This is contained in a new report by the Economic Confidential obtained by Vanguard on Monday.
The allocations, according to the report were made after the monthly meetings of the Federation Account Allocation Committee (FAAC) in 2018.
The current sources of revenue flow into the Federation Account are collected by agencies of the Federal Government with little or no contributions from state or local government council.
While the Federal Government and its agencies under the administration of President Muhammadu Buhari received a total sum of N3.48 trillion, States and local government councils shared a total sum of N4.5 trillion in 2018.
Comparatively, in 2017 the Federal Government and its agencies had received N2.5 trillion, while the other tiers of government shared N3.3 trillion.
In its annual detailed investigative report with a table of figures, the Economic Confidential disclosed that among the state recipients, Delta is ranked first as the highest recipient of gross allocation with a total sum of N285bn in the twelve months of 2018.
It is followed by Akwa State N272bn, Lagos N260bn, Rivers N237bn and Bayelsa N192bn. The five states cumulatively, cornered over a quarter (25%) of the total allocation for the States and local government councils in Nigeria in 2018.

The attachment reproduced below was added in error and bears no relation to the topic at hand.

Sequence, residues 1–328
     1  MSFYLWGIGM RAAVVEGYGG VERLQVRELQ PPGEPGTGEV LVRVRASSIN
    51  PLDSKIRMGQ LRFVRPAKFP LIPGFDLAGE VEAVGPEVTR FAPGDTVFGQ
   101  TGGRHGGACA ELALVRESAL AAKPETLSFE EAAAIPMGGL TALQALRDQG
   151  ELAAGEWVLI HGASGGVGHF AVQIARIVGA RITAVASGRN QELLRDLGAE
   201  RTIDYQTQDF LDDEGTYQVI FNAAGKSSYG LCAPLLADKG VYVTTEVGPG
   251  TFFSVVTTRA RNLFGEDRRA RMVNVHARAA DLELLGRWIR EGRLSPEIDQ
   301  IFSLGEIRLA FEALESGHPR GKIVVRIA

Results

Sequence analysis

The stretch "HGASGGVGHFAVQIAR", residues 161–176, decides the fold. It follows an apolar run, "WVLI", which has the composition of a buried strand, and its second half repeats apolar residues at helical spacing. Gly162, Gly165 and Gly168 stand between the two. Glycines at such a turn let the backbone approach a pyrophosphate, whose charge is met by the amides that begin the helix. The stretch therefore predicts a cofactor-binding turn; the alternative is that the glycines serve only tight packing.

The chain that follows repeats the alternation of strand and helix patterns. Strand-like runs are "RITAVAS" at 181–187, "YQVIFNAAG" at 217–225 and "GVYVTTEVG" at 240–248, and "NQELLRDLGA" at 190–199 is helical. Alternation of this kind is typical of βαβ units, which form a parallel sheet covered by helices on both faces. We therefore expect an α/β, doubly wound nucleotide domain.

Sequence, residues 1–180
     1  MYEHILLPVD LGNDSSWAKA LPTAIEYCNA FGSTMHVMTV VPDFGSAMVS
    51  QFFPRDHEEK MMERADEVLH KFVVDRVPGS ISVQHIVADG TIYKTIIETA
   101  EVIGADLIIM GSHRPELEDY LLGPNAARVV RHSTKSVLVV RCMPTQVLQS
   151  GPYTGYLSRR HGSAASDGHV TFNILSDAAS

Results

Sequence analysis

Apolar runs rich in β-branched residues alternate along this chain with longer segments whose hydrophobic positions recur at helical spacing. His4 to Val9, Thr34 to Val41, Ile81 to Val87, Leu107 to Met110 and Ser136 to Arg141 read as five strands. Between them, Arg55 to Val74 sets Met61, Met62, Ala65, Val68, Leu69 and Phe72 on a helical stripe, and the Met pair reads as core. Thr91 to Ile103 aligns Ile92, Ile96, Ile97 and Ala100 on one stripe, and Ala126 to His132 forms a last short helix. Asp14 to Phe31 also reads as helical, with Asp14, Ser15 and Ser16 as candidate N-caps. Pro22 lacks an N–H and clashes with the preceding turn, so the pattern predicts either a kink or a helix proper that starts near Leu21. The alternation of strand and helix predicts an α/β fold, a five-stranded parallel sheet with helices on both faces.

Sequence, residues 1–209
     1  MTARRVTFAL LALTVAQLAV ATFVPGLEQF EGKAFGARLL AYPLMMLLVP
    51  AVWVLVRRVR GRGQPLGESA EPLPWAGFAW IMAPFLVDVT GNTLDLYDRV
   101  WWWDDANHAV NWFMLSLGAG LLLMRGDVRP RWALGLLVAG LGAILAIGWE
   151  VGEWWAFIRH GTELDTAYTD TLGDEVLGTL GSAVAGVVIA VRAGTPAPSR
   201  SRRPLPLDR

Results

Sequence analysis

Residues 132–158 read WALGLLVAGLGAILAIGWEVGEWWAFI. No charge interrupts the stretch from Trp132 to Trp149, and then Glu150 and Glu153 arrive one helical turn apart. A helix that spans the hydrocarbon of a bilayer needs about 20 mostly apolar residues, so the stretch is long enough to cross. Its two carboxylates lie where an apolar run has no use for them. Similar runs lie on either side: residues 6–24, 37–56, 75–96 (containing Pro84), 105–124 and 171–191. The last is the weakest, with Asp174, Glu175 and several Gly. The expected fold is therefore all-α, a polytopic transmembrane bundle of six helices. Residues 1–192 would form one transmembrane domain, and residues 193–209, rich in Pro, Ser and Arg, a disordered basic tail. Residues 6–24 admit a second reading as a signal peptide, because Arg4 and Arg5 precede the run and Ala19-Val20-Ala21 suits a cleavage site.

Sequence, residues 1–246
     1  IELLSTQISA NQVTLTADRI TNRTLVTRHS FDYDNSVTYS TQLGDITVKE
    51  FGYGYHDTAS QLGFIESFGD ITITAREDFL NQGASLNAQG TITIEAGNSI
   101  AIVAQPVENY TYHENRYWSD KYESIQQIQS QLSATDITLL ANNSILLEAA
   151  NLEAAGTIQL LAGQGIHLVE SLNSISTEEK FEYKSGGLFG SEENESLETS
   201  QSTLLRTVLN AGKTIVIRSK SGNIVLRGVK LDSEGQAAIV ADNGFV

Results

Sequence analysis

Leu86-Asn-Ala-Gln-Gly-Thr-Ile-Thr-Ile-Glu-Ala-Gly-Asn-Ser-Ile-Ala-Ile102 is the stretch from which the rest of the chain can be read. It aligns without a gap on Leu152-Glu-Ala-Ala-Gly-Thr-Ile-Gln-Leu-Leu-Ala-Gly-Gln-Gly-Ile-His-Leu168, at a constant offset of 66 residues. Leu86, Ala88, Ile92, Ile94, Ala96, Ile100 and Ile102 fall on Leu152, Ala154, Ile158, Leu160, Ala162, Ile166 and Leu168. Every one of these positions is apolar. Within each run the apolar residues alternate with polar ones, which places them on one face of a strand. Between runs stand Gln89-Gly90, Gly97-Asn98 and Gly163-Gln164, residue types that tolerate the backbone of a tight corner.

Among the 10 highest recipients from the Federation Account in 2018 included: Kano State which got N183bn, Katsina N138bn, Oyo N131bn, Kaduna N131bn and Borno State N122bn.
The report further disclosed that Edo and Ondo which are oil-producing states got N112bn and N108bn respectively, while another state in the South-South, Cross River State merely received N91bn.
Nigeria’s intelligence economic magazine further, informed that factors that influence allocations to states and local government councils from the Federation Account include: Population, Derivation, Landmass, Terrain, Revenue Effort, School Enrolments, Health Facilities, Water Supply and Equality of the beneficiaries.
The revenue generating agencies to the Federation Account are the Nigerian National Petroleum Corporation (NNPC), Federal Inland Revenue Service (FIRS), Nigeria Customs Service (NCS) and Department of Petroleum Resources (DPR).
The revenues come from Export Crude Sales, Domestic Crude Sales, LPG, NLNG, Petroleum Profit Tax (PPT), Company Income Tax (CIT), Withholding Tax (WHT), Import Duty, Excise Duty, Royalties, Gas Flared and miscellaneous oil revenue such as Oil Prospecting License and oil Mining Licence.